This episode is recorded under unusual circumstance, with your hosts unable to access the European Chamber’s Beijing office although there is no confirmed case in the building.
This episode covers the COVID-19 flare-up in Beijing, with comments from Adam Dunnett, Secretary General of the European Chamber; measures to improve employment among fresh graduates released by the Ministry of Education; and data on China’s actual use of foreign investment in the first ten months of 2022. News from the Chamber includes participation in a high-level roundtable co-hosted by the Ministry of Ecology and Environment and China News Service, where policies and measures related to the construction of China’s carbon market were introduced.
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Ministry of Education’ notice on employment among graduates (in Chinese):
FDI data from the Ministry of Commerce (in Chinese:
High-level roundtable with China’s Ministry of Ecology and Environment:
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RUI: Hello and welcome to China Shortcuts,
MARIANN: the European Chamber’s weekly catchup about the Chinese business landscape.
RUI: A new COVID-19 flare-up in Beijing has yet again brought much of the Chinese capital to a standstill, with office buildings either under lockdown or operating with very limited capacity in the central business district and embassy district.
MARIANN: Chaoyang district has seen a sharp rise in daily cases after many office buildings and other venues have been requiring a negative PCR test result from within 24 hours for entry since early November. Despite the recent refinement of pandemic measures, lockdowns and quarantine measures are still in widespread use in Beijing, with local officials caught between the conflicting requirements of decreasing the number of new infections to zero, while minimising disruptions to people’s lives and business operations. Notably, today’s episode was recorded under unusual circumstances, with your hosts unable to access the Beijing office of the European Chamber.
RUI: Sharing his comments on the latest pandemic situation in Beijing is Adam Dunnet, Secretary General of the European Chamber:
ADAM DUNNETT: (Soundbite)
RUI: On the 16th of November, China’s Ministry of Education issued a document outlining measures to improve employment among fresh graduates, after newly released figures showed that among 16–24-year-olds the unemployment rate reached 17.9 per cent in October.
MARIANN: The ministry promised favourable policies for small and medium-sized enterprises so that they can play a bigger role in providing employment opportunities to young jobseekers. Universities were advised to gain better understanding of the job market by enhancing ties with companies and to hold recruitment events to help students connect with employers before graduation. Young people would also be encouraged to pursue self-employment and flexible employment opportunities, and to set up businesses in remote areas. According to official estimates, the number of university graduates in China could exceed 11 million in 2023, growing over 800 thousand from this year.
RUI: According to data released by China’s Ministry of Commerce on the 17th of November, in the first ten months of 2022 the actual use of foreign investment in China exceeded 1 trillion yuan, a year-on-year increase of 14.4 per cent.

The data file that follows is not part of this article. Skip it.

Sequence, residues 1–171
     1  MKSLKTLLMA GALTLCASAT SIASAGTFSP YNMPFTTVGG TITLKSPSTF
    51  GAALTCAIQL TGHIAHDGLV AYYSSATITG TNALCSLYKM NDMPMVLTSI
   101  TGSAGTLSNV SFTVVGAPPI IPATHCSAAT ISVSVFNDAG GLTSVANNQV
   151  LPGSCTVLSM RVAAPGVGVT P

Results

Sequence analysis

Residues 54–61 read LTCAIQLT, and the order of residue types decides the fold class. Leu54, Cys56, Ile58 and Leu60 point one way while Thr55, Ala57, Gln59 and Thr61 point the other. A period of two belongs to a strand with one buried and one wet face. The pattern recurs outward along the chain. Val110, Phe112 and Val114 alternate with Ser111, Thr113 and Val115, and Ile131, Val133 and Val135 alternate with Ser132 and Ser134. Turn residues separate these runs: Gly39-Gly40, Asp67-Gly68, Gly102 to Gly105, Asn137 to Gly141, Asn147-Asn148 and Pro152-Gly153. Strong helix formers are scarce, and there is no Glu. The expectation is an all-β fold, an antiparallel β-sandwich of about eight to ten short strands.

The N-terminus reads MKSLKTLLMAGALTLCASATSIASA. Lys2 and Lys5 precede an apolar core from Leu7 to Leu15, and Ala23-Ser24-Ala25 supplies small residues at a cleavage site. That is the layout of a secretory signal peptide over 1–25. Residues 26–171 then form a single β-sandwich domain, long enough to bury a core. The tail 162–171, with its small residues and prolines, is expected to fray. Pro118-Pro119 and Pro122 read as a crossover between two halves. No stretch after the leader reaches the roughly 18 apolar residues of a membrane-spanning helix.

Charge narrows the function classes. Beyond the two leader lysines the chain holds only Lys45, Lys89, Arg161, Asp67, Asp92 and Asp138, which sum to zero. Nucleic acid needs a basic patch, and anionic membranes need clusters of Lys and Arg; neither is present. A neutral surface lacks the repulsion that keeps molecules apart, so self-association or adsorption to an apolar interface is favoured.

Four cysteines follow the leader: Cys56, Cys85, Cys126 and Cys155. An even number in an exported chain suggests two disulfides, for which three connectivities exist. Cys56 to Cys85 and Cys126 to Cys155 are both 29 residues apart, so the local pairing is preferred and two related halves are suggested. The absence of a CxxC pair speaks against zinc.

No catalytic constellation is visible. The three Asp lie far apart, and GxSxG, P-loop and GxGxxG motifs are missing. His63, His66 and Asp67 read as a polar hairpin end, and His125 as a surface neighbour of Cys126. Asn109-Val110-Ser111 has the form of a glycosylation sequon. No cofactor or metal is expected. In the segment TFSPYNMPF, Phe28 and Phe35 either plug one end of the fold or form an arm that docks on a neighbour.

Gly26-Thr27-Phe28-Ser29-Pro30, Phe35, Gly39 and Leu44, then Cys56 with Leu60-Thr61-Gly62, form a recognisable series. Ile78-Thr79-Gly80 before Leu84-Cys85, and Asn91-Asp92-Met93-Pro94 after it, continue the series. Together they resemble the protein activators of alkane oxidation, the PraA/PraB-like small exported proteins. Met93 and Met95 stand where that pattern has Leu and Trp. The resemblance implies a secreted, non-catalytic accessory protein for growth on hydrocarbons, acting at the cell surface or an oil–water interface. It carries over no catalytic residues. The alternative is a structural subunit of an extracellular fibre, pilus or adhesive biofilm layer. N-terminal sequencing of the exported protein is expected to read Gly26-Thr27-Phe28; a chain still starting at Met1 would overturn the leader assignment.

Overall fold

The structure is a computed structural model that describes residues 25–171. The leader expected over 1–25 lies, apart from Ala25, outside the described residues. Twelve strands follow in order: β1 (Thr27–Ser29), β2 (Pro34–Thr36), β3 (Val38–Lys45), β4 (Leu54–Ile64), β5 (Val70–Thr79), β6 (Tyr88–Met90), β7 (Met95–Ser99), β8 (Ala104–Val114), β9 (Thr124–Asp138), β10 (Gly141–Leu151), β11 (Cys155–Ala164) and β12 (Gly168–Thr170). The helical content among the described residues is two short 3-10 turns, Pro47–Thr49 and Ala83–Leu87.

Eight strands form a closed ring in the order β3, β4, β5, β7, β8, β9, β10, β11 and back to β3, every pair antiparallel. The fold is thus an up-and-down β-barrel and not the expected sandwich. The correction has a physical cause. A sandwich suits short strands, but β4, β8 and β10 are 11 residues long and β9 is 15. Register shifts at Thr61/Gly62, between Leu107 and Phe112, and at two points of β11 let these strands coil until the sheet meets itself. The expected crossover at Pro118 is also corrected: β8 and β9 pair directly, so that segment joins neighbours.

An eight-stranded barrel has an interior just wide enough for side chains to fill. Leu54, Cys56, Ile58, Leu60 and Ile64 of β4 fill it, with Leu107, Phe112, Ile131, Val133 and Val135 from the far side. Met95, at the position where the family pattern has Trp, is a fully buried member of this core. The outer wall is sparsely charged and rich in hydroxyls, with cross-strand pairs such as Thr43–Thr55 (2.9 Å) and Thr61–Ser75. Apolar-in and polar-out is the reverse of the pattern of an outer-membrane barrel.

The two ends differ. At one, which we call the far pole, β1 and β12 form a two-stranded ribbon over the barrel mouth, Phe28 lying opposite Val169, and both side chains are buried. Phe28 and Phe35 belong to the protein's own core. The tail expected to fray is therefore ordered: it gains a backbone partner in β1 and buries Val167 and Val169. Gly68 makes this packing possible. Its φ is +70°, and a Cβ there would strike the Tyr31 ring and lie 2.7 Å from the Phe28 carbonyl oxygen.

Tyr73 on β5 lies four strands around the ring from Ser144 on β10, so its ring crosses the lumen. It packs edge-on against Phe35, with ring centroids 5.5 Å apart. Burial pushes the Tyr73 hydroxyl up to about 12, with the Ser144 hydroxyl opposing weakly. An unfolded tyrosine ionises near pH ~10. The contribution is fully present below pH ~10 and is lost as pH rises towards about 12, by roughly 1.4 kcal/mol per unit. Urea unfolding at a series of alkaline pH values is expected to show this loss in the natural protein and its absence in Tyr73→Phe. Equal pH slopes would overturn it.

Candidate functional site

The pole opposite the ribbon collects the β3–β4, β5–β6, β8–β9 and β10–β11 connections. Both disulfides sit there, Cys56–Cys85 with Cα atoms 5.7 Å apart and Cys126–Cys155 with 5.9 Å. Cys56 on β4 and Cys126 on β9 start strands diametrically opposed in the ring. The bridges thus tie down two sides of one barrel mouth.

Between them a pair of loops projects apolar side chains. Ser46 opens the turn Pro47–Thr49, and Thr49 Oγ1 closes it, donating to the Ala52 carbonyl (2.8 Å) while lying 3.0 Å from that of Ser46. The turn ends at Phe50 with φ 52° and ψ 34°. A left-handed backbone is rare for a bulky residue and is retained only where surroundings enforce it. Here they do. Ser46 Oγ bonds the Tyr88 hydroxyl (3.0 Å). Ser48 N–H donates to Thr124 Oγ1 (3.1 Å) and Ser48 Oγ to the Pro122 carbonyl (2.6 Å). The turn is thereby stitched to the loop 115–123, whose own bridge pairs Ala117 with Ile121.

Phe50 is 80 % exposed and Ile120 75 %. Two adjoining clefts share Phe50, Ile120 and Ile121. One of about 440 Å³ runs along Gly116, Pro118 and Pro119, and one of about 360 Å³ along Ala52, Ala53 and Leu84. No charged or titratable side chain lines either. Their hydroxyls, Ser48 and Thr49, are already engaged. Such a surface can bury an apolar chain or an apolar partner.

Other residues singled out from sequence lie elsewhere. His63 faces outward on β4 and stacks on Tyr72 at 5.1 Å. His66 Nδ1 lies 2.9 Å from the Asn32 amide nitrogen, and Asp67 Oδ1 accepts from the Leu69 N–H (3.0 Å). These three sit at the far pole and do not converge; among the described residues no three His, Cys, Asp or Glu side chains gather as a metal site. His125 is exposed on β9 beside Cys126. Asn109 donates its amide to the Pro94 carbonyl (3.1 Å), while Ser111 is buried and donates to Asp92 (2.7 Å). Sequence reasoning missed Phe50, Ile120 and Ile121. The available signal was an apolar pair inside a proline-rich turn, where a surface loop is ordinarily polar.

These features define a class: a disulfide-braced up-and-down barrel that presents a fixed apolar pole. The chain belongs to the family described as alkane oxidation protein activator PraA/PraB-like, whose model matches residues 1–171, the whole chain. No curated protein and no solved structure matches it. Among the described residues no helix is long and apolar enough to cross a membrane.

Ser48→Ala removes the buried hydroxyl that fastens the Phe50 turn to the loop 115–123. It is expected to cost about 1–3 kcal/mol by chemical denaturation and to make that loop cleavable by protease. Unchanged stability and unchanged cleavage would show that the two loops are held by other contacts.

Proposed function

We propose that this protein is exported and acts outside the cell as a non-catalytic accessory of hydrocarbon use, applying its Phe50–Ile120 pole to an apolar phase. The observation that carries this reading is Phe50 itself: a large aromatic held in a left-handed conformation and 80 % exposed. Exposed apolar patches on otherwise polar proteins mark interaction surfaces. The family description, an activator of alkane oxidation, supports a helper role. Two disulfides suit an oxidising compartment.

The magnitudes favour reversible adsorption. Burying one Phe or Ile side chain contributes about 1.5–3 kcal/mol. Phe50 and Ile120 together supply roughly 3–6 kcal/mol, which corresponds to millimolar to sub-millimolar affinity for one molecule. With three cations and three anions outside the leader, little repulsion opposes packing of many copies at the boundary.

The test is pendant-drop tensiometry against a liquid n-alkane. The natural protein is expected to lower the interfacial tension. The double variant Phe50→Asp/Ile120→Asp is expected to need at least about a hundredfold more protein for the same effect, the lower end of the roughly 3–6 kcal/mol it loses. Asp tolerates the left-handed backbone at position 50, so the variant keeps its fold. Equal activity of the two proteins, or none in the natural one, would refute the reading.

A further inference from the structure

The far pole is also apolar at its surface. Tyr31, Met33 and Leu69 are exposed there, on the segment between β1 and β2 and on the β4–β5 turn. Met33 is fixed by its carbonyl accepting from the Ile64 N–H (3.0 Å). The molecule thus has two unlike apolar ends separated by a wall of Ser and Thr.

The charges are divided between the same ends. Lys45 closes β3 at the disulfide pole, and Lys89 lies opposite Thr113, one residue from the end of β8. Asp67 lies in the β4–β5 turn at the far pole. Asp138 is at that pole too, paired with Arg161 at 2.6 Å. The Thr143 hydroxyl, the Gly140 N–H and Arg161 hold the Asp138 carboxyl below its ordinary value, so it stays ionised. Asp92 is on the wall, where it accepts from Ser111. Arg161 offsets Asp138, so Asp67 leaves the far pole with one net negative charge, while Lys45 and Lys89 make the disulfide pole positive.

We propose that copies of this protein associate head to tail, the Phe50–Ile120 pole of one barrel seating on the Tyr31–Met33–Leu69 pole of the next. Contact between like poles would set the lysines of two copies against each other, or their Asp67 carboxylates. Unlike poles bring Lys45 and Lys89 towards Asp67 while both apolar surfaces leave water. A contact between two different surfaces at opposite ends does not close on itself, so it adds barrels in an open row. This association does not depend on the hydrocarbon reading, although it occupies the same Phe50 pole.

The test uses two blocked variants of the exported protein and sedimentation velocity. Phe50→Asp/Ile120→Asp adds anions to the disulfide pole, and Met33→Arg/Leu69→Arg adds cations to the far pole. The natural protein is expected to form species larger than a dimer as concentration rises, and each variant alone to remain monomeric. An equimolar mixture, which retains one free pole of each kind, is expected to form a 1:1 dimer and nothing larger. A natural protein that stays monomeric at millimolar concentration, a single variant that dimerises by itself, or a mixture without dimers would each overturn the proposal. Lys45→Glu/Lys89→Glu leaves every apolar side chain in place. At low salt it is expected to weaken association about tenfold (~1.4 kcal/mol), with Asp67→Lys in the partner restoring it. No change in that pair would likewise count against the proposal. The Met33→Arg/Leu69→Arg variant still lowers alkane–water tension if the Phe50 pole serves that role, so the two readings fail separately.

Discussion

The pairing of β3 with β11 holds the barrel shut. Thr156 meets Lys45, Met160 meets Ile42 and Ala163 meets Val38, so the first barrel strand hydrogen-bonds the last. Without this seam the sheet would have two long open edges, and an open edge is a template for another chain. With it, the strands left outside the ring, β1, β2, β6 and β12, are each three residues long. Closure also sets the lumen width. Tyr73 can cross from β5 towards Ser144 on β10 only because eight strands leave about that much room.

MARIANN: The data also indicated that the actual use of foreign capital increased the most in the high-tech manufacturing sector, where a year-on-year rise of 57.2 per cent was registered. Chinese official data on FDI, however, usually includes investments coming from Hong Kong and Macao, with a large proportion of those coming from Chinese companies. Inbound investment flows from the European Union are declining overall, with the bulk contributed by a handful of large companies. As the recent official data showed: actual investment from Germany grew 95.8 per cent year-on-year in the first ten months of this year, but the majority of it was contributed by two large German companies.
RUI: On 16th November, the European Chamber and its member companies joined the high-level roundtable entitled “New journey, Green development”, co-hosted by the Ministry of Ecology and Environment and China News Service. During the meeting, officials from the Ministry introduced policies and measures related to the construction of China’s carbon market.
MARIANN: The hosts underlined China’s commitment to high-level opening up and green development. The European Chamber has been advocating for further strengthening cooperation between the EU and China in the area of decarbonisation, an area in which European companies are especially well-placed to contribute to China’s efforts.
RUI: At the event, officials highlighted that China is ready to strengthen cooperation with European companies in China, to jointly participate in the process of low-carbon and high-quality development, and to promote a ‘green recovery’ of the global economy. Chamber member companies had an in-depth discussion with high-level officials from the Ministry on topics such as environmental cooperation, carbon market construction and green transformation of enterprises.
RUI: Thanks for listening. Tune in again next week.
MARIANN: In the meantime, find useful links in the episode notes.